Suspect in Boston Marathon bombing indicted

BOSTON (AP) — Boston Marathon bombing suspect Dzhokhar Tsarnaev downloaded bomb-making instructions from an al-Qaida magazine, gathered online material on Islamic jihad and martyrdom, and later scribbled anti-American messages inside the boat where he lay wounded, a federal indictment charged Thursday.

The 30-count indictment includes the bombing charges, punishable by the death penalty, that were brought against the 19-year-old Tsarnaev in April. But prosecutors added charges covering the slaying of an MIT police officer and the carjacking of a motorist during the getaway attempt that left Tsarnaev’s older brother, Tamerlan, dead.

Three people were killed and more than 260 wounded by the two pressure-cooker bombs that went off near the finish line of the marathon on April 15.

Dzhokhar Tsarnaev was captured four days later, hiding in a boat parked in a backyard in Watertown, Mass.

According to the indictment, he scrawled messages on the inside of the vessel that said, among other things, “The U.S. Government is killing our innocent civilians,” ”I can’t stand to see such evil go unpunished,” and “We Muslims are one body you hurt one you hurt us all.”

The Tsarnaev brothers had roots in the turbulent Russian regions of Dagestan and Chechnya, which have become recruiting grounds for Islamic extremists. They had been living in the U.S. about a decade.

But the indictment made no mention of any larger conspiracy beyond the brothers, and no reference to any direct overseas contacts with extremists. Instead, the indictment suggests the Internet played a central role in the suspects’ radicalization.

Sometime before the attack, Dzhokhar Tsarnaev downloaded onto his computer the summer 2010 issue of Inspire, an online English-language magazine published by al-Qaida, according to the indictment. The issue detailed how to make bombs from pressure cookers, explosive powder extracted from fireworks, and lethal shrapnel.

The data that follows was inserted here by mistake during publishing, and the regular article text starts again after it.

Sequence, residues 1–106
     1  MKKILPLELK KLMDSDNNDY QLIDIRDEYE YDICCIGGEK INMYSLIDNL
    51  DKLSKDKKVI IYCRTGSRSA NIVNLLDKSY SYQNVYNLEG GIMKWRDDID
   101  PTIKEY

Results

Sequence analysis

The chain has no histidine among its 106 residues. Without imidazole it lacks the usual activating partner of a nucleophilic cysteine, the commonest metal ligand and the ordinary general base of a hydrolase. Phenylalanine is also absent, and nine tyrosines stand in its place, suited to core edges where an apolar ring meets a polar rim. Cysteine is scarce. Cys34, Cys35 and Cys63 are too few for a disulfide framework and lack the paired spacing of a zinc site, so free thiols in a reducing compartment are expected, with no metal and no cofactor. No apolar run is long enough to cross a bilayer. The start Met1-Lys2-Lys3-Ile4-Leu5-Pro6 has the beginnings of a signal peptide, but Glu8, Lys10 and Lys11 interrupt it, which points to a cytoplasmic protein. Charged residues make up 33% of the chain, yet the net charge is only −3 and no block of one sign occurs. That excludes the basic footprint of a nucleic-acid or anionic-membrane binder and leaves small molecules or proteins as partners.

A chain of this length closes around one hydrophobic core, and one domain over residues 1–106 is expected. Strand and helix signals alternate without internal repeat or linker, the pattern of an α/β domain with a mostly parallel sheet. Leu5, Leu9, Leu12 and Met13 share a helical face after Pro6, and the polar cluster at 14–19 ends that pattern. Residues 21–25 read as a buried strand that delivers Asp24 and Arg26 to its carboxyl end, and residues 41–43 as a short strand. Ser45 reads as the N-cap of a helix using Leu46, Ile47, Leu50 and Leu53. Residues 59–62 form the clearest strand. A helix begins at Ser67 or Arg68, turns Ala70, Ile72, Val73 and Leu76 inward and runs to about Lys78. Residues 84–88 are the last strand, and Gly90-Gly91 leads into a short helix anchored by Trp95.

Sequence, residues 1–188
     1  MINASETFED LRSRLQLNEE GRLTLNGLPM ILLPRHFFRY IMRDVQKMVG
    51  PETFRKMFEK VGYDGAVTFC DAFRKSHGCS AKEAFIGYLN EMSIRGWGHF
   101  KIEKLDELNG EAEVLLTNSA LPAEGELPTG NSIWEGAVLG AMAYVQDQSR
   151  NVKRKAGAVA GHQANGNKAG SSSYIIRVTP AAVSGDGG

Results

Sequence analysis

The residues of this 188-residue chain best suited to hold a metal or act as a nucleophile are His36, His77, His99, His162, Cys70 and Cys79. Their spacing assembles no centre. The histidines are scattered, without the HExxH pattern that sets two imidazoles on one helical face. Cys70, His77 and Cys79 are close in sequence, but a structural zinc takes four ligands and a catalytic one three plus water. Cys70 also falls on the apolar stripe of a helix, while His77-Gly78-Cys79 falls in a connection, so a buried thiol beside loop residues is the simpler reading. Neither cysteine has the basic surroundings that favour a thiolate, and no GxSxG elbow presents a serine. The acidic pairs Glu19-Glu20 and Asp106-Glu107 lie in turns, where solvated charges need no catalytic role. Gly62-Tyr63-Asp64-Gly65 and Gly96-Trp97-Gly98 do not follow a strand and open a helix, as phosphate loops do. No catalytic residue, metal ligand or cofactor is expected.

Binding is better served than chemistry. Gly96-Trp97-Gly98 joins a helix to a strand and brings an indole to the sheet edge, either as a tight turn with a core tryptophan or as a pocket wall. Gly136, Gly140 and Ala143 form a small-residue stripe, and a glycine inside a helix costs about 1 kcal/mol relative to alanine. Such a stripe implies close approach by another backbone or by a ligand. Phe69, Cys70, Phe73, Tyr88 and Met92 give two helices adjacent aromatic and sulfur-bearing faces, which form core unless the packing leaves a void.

He also downloaded various pieces of extremist Muslim literature, including “Defense of the Muslim Lands, the First Obligation after Imam,” which advocates “violence designed to terrorize the perceived enemies of Islam, among other things,” the indictment said.

One tract downloaded included a foreword by Anwar al-Awlaki, an American propagandist for al-Qaida who was killed in a U.S. drone strike, federal prosecutors said.

The indictment assembled and confirmed details of the case that have been widely reported over the past two months, and added new pieces of information.

For example, it confirmed that Tamerlan Tsarnaev bought 48 fireworks mortar shells containing about eight pounds of explosive powder from a Seabrook, N.H., fireworks store. It also disclosed that he used the Internet to order electronic components that could be used in making bombs.

The papers detail how, after using the Internet to study jihad propaganda and bomb-making instructions, the brothers placed knapsacks containing shrapnel-packed bombs near the finish line of the 26.2-mile race.

The court papers also confirm that Dzhokhar Tsarnaev inadvertently contributed to his brother’s death by running him over during a shootout with police.

The charges also cover the slaying of Massachusetts Institute of Technology police officer Sean Collier, who authorities say was shot in his cruiser by the Tsarnaevs during their getaway attempt. The brothers tried to take his gun, prosecutors said.

At the same time the federal indictment was announced, Massachusetts authorities brought a 15-count state indictment against Dzhokhar Tsarnaev over the MIT officer’s slaying and the police shootout.

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Tom Hays reported from New York.

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